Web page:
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Sept 30, 2011
Jennifer Bays, 19, speaks about the self harmers support group she is starting through celebrate recovery.
Jennifer Bays appears on the surface, a typical teenager.
The wide-eyed, 19-year-old Victoria resident appreciates colorful makeup, modish clothes, and dialoguing about future life plans.
But the scars on Bays’ forearms reveal how only a few years ago, a future of any kind may have never come to pass.
“I was so out of control, very suicidal. Mom didn’t know what to do with me,” Bays recalled. “It was pretty violent. I was rageful.”
Bays spent four years of her life as a self-harmer. More specifically, she was a cutter, or someone who cuts their flesh to deal with emotional turmoil.
Bays’ cutting stemmed from early childhood bullying and other self-image insecurities, she said.
Her raised, crisscrossed scars are prominent from wrist to elbow, as well as other, more concealed areas of Bays’ body.
But she considers herself today, a survivor of self-harm; her scars a stamp of God’s mercy and salvation.
“I’m not embarrassed by my scars . they’re my testimony,” she said.
Using her four-year battle with self-injury as a catalyst, Bays is spearheading a one-of-a-kind Victoria-based support group for self-harmers.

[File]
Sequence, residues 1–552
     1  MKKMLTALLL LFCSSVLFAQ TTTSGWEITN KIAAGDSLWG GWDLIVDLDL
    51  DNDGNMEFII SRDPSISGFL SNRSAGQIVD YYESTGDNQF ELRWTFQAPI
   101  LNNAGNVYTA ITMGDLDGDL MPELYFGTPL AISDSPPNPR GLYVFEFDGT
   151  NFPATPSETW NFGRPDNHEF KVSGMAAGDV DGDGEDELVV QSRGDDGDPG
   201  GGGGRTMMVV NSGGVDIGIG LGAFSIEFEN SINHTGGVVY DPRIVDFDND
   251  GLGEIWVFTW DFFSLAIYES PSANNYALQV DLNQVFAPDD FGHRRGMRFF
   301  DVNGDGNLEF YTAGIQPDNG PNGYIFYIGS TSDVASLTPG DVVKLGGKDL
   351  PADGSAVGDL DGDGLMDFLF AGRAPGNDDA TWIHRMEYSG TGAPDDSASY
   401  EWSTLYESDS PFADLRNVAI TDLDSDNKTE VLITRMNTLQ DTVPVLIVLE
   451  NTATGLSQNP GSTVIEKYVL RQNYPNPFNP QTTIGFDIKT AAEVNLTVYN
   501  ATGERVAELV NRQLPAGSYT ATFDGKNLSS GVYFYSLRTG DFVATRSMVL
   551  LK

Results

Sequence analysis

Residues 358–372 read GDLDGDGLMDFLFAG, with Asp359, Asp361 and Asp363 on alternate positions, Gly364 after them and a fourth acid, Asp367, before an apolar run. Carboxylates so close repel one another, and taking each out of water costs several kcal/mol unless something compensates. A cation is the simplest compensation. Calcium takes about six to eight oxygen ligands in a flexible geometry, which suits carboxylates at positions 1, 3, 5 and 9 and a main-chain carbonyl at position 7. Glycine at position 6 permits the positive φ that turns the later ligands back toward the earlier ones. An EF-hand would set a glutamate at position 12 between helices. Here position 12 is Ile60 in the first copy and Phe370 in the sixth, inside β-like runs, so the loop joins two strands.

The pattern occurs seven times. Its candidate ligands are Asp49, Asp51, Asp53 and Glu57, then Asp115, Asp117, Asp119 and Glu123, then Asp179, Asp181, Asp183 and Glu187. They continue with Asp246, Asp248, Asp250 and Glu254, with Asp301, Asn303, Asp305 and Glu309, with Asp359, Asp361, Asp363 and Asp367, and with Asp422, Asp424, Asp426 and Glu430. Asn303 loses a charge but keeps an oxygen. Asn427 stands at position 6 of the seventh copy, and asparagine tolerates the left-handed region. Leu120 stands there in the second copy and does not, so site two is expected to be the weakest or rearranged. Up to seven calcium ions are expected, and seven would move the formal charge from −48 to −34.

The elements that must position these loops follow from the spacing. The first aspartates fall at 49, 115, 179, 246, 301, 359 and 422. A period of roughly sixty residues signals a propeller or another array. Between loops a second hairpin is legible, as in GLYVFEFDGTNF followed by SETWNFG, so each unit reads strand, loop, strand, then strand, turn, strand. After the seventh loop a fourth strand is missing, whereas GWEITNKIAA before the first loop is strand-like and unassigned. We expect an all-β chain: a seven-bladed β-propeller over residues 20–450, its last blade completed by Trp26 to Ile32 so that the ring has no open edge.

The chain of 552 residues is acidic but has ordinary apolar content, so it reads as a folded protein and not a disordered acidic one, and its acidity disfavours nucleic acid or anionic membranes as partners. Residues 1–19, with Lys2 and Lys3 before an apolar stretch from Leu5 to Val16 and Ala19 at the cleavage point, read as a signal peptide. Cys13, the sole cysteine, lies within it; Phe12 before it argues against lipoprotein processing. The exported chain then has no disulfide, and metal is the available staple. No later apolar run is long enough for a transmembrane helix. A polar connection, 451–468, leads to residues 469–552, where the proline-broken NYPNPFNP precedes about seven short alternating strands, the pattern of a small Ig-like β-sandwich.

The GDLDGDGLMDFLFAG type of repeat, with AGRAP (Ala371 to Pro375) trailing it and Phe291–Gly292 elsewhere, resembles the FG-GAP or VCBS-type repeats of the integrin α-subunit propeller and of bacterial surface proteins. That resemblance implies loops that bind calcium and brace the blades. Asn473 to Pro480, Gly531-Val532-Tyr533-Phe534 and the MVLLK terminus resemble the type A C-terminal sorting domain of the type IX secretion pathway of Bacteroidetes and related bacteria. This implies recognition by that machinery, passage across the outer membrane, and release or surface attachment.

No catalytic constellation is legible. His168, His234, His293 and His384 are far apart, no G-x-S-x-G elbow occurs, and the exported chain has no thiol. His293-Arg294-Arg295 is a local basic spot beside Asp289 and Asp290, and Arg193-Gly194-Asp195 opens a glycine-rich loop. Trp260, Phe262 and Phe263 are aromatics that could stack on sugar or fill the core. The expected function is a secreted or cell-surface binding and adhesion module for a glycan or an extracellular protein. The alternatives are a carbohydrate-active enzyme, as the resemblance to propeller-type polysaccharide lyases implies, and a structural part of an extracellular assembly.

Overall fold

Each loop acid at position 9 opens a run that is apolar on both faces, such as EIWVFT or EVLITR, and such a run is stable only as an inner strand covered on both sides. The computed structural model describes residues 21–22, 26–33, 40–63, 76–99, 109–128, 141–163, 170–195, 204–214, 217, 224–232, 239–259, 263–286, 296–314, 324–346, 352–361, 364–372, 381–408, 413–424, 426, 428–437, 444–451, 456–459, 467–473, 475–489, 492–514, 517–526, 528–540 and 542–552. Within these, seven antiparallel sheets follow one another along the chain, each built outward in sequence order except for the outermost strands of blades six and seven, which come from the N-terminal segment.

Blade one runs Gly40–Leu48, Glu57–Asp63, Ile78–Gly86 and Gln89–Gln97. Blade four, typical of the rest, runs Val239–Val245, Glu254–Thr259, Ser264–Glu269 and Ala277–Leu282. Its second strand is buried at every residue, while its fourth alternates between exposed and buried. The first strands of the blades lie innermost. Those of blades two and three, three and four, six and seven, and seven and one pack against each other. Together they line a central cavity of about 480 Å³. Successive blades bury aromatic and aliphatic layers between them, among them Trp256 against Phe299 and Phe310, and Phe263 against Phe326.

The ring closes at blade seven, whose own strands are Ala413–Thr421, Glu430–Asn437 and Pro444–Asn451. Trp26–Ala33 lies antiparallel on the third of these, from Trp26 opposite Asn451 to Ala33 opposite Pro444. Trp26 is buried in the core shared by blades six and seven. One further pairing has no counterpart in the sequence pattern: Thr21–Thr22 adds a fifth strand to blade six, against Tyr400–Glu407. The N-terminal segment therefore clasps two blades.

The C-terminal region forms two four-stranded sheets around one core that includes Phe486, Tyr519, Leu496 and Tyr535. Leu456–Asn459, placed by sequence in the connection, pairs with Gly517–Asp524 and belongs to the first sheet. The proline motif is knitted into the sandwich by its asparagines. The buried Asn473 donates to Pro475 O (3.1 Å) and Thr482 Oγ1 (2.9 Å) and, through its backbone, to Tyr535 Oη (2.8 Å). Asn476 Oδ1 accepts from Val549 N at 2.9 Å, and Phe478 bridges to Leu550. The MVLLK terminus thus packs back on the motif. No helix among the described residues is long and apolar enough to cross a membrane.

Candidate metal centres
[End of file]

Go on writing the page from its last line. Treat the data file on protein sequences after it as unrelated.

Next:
“There isn’t anything like it in the area, definitely not in Victoria. Most self-harmers have nowhere to go,” she said, mentioning how difficult it was to find self-injury treatment for herself a few years ago.
The onset of cutting for Bays began at 14, shortly after moving to Victoria from Houston.
A new friend demonstrated for Bays how a razor blade on skin could lessen emotional burdens.
“It was a razor blade like you’d use to shave your legs. She showed me how to cut and said it would release pain,” Bays said. “She wasn’t a great friend. I guess I was mixed up in the wrong crowd.”
Her introduction to the blade five years ago, would lead Bays down a turbulent road of psychiatric and medical treatments, hospital visits, more than a dozen daily prescriptions pills, cycles of rehab and suicide attempts – forcing her to drop out of school and nearly robbing her future altogether.
“I basically have an eighth-grade education,” Bays said. “I’m working to get my GED though. I want to finish school and go to college.”
Even though Bays was indeed suicidal, attempting on at least one occasion to slit her wrists, self-harmers aren’t typically trying to kill themselves.
A report from the Mayo Foundation for Medical Education and Research, states “Self-injury is the act of deliberately harming your own body, such as cutting or burning yourself. It’s not meant as a suicide attempt. Rather, self-injury is an unhealthy way to cope with emotional pain, intense anger and frustration . with self-injury comes the possibility of inflicting serious and even fatal injuries.”
Self-injury, which can include cutting, burning, pulling hair, scratching, may also shadow numerous mental illnesses: eating disorders, depression and personality disorders.
It’s also prominent with teenagers, affecting children as young as 11 years old.